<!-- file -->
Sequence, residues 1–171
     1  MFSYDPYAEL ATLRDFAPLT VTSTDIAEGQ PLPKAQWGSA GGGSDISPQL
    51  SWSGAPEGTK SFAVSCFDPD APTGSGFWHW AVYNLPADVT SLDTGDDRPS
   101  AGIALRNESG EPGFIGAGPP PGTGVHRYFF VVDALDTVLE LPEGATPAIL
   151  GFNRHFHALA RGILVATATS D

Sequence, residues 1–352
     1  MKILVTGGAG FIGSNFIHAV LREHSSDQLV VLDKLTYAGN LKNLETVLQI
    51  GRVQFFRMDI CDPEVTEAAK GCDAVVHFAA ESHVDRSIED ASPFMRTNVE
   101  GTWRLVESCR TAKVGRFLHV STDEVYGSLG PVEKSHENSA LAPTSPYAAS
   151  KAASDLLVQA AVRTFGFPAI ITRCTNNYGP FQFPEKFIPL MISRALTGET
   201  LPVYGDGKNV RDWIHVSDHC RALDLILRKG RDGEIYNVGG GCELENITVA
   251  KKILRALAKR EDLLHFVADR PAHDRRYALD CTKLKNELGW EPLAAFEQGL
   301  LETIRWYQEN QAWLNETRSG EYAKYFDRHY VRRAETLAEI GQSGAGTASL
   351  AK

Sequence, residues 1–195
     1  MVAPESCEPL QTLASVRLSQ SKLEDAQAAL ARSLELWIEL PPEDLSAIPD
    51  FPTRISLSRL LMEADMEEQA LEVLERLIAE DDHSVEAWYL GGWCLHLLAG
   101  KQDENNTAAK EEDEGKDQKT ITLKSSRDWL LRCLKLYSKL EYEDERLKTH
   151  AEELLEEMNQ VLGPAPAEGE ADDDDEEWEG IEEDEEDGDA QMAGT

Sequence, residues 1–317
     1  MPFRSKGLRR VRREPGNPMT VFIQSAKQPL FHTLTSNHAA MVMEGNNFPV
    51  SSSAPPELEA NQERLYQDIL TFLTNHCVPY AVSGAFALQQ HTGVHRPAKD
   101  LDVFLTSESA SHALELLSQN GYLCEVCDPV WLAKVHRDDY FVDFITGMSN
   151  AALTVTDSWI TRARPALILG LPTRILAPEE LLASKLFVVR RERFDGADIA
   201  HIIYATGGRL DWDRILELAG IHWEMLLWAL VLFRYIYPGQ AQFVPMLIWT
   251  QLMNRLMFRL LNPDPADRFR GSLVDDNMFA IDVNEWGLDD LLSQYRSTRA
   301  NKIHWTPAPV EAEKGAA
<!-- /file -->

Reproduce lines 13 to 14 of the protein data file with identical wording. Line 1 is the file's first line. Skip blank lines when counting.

   301  LETIRWYQEN QAWLNETRSG EYAKYFDRHY VRRAETLAEI GQSGAGTASL
   351  AK